One vital aspect of document management is ensuring that file and folder locations work effectively and some CAT tools have features to guarantee this.  MemoQ’s reimport feature can be used to efficiently update and synchronize project documents, guaranteeing that the translator is working on the most up-to-date version of a particular document. This automated mechanism reflects a common workflow procedure for translators; they receive an initial document to translate but later receive a changed/updated version from the project manager. Or, translator colleagues exchange files for reviewing and must ensure synchronicity. Confusion is avoided in otherwise having to add and remove documents and keep track of which is the latest.

MemoQ also assigns a unique ‘tracking’ number to each document version that enables changes made by the translators or reviewer visible. What is more, the X-translate feature enables any previous tracked version of a document to be reinstated with segment statuses preserved.

In the same way, changes and comments are automatically updated from exported bilingual RTF documents reimported following review. Trados Studio 2009 cannot produce bilingual RTFs and users must revert to SDL’s TagEditor, and this effectively renders the bilingual review exchange process impossible between Trados 2009 users and non-CAT tool users who work from a word editor.  The reimport and track changes features are not available in Trados 2009.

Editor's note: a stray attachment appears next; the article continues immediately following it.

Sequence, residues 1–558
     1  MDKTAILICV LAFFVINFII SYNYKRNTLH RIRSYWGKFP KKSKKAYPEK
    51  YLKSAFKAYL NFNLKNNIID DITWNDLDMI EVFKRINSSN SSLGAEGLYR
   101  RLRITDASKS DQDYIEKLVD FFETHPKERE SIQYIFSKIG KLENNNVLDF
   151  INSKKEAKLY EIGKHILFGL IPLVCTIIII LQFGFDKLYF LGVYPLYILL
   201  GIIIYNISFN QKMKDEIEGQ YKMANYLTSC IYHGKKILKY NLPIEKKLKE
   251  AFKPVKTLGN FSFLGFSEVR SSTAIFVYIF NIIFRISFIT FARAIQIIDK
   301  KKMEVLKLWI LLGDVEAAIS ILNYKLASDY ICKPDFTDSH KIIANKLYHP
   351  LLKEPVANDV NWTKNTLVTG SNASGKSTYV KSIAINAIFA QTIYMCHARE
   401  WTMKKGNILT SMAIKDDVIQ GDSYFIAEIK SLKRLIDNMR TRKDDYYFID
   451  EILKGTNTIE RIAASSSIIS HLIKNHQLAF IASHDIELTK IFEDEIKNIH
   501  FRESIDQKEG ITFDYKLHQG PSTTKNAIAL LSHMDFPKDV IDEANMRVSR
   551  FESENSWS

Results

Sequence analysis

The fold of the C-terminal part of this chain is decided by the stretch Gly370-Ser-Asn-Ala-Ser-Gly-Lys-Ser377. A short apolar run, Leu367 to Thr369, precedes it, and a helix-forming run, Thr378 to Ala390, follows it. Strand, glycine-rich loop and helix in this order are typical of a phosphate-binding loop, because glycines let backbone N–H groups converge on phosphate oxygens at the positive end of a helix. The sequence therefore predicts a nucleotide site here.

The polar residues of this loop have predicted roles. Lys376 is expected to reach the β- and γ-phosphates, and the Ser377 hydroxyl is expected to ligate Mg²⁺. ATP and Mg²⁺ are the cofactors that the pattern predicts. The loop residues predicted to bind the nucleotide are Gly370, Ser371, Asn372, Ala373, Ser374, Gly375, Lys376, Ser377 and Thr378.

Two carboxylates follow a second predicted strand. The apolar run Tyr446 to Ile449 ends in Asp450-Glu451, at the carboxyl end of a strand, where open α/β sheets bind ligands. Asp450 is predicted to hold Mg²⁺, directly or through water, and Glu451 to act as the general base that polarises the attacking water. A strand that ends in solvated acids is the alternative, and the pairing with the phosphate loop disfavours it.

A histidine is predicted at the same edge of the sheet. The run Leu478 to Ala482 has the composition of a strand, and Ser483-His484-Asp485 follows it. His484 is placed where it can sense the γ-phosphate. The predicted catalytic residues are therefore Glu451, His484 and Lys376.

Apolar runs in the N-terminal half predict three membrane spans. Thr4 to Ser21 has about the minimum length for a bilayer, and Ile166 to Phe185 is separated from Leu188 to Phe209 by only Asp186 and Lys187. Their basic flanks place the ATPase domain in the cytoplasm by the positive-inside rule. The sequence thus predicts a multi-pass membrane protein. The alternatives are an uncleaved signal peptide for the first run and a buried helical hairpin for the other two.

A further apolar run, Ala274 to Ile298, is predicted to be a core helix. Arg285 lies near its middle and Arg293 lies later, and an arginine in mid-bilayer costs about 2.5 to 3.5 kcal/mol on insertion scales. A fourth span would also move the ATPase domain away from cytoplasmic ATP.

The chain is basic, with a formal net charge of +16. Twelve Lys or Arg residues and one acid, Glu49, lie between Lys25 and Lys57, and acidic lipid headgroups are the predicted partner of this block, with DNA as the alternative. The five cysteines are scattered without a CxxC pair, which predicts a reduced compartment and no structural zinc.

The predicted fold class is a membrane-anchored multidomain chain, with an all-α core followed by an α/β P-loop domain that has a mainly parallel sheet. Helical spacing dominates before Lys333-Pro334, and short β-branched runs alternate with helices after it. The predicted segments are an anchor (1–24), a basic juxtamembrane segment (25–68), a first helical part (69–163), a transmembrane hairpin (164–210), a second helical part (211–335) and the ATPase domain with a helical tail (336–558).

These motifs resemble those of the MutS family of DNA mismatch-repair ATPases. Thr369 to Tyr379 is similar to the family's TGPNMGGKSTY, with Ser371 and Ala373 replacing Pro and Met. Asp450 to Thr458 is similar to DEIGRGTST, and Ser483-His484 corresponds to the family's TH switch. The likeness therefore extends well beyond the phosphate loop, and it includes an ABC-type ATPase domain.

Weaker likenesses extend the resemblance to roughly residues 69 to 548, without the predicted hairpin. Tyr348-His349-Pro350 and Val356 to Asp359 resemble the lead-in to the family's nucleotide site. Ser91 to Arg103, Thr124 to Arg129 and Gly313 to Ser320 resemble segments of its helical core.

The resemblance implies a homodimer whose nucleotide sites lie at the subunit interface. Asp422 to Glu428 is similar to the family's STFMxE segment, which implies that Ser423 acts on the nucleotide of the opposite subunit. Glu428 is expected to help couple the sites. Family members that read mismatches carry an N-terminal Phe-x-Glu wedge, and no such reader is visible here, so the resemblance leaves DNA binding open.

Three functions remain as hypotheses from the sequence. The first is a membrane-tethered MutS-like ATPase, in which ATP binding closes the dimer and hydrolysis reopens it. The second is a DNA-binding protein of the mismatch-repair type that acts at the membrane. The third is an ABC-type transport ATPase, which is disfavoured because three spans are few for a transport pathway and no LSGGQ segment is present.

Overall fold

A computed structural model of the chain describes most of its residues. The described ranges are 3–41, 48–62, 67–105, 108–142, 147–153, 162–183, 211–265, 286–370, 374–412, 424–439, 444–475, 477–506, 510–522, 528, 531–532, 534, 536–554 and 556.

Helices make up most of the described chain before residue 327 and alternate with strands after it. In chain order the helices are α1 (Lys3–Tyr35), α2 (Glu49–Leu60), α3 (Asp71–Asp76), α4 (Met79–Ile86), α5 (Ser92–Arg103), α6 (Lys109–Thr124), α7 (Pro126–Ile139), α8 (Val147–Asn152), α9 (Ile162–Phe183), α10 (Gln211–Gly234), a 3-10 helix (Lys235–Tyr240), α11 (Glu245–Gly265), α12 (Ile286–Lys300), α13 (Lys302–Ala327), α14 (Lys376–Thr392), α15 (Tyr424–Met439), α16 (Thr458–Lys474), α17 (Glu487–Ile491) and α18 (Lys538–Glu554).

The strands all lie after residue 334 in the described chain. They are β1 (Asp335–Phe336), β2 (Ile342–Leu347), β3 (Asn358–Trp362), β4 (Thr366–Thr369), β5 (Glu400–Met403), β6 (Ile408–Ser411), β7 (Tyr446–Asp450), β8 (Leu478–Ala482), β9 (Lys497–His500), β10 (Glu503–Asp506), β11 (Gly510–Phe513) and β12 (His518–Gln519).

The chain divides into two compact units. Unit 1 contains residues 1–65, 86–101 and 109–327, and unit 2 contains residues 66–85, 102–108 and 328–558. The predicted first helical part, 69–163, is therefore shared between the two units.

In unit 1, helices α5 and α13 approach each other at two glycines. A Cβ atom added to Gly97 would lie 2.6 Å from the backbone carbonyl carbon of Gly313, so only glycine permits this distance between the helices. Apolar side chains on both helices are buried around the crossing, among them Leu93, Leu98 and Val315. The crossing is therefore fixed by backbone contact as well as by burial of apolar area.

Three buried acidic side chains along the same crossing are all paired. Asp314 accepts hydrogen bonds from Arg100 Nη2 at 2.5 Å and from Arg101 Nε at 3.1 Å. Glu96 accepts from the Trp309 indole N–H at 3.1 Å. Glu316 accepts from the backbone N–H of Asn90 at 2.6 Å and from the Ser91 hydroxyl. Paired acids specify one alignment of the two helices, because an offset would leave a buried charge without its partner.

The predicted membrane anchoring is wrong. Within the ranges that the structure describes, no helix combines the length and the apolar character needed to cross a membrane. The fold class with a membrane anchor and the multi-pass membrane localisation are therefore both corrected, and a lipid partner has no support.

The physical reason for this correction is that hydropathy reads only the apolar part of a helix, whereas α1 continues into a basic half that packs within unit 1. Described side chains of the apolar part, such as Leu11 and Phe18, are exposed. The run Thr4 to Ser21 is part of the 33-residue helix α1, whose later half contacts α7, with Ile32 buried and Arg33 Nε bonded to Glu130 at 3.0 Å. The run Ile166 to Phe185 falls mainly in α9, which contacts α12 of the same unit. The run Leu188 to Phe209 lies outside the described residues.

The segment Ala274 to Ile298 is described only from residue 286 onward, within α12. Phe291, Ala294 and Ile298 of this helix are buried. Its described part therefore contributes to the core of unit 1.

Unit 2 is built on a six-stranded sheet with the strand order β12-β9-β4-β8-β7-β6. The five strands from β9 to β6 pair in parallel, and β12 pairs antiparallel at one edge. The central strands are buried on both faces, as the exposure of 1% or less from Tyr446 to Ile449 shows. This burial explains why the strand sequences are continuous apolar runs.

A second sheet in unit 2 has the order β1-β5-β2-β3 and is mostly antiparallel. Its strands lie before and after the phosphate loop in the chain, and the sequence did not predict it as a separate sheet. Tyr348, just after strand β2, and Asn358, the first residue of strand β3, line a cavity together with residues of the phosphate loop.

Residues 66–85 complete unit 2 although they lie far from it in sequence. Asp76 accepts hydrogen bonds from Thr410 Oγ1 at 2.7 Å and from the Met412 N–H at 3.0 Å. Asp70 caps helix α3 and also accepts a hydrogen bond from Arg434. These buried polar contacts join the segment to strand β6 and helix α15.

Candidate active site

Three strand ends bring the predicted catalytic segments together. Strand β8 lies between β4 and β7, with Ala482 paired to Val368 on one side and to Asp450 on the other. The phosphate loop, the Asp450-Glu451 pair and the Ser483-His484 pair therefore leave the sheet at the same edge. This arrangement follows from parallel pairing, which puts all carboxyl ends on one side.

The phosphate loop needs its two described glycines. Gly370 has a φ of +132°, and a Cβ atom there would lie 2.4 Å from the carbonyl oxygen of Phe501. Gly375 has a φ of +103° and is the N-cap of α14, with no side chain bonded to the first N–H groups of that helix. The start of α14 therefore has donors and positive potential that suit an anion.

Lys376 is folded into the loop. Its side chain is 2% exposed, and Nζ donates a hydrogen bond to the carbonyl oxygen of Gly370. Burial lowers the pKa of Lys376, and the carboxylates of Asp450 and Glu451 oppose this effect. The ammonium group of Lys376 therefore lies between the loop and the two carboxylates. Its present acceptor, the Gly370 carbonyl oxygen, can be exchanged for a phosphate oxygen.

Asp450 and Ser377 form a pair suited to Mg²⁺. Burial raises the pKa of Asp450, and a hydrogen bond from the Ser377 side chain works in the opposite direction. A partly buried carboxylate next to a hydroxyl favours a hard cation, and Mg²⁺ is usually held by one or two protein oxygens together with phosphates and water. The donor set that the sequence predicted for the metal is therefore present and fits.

-Project Packages

Packages are a major project management tool intended to facilitate large file and resource exchanges in a compressed format along with metadata and project information that provide a ready-made work environment. Although memoQ generally offers outstanding interoperability for Trados-made files, it cannot import Trados project packages (it does however import Transit packages). Trados packages conveniently display progress, word counts and assigned tasks.


MemoQ has its own ‘handoff and delivery package’ system that utilizes intuitive file extensions (.mqout) (.mqback). The freelance edition is unable to create handoffs, though it can receive and return them and this reflects an authentic routine work flow although being able to compress files and resources (TMs and TBs) in one file would be highly beneficial for memoQ freelancer users.

Quality Assurance and reviewing

Both memoQ and Trados Studio have real-time quality assurance checks such as spelling, tag placement and placeables review. The purpose of QA is to maintain quality by detecting errors and speed up the translation purpose. Not all automated error warnings will match human quality evaluation and so it is vital that a) the translator can customize QA settings and b) be able to quickly resolve them.

A QA check in memoQ displays all warning messages from either an active document or an entire project in a separate tab where they can be globally managed and a report exported. The user can see the error in context with source and target segments present, and impressively, the user can choose to ignore all warnings of one kind in single click if they are not actual errors. This is useful in a scenario such as the one presented in this screenshot where number mismatches are flagged because of mixed Arabic (known as ‘Hindi’) and western numerals though they are in fact correct.